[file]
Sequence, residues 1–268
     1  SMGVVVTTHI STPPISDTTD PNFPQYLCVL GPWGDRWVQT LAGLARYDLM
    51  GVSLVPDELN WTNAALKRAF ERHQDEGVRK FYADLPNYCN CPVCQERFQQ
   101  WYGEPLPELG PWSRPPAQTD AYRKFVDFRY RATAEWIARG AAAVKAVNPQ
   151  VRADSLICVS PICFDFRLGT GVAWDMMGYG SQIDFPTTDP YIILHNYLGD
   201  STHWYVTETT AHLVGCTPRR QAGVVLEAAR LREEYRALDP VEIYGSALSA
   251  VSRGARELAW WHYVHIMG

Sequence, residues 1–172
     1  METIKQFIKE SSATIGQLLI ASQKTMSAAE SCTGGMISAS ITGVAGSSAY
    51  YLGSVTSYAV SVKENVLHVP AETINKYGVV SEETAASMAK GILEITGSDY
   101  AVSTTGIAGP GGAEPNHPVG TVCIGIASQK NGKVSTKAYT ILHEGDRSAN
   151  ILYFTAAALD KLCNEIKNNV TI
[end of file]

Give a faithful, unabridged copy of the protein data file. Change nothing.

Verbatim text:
Sequence, residues 1–268
     1  SMGVVVTTHI STPPISDTTD PNFPQYLCVL GPWGDRWVQT LAGLARYDLM
    51  GVSLVPDELN WTNAALKRAF ERHQDEGVRK FYADLPNYCN CPVCQERFQQ
   101  WYGEPLPELG PWSRPPAQTD AYRKFVDFRY RATAEWIARG AAAVKAVNPQ
   151  VRADSLICVS PICFDFRLGT GVAWDMMGYG SQIDFPTTDP YIILHNYLGD
   201  STHWYVTETT AHLVGCTPRR QAGVVLEAAR LREEYRALDP VEIYGSALSA
   251  VSRGARELAW WHYVHIMG

Sequence, residues 1–172
     1  METIKQFIKE SSATIGQLLI ASQKTMSAAE SCTGGMISAS ITGVAGSSAY
    51  YLGSVTSYAV SVKENVLHVP AETINKYGVV SEETAASMAK GILEITGSDY
   101  AVSTTGIAGP GGAEPNHPVG TVCIGIASQK NGKVSTKAYT ILHEGDRSAN
   151  ILYFTAAALD KLCNEIKNNV TI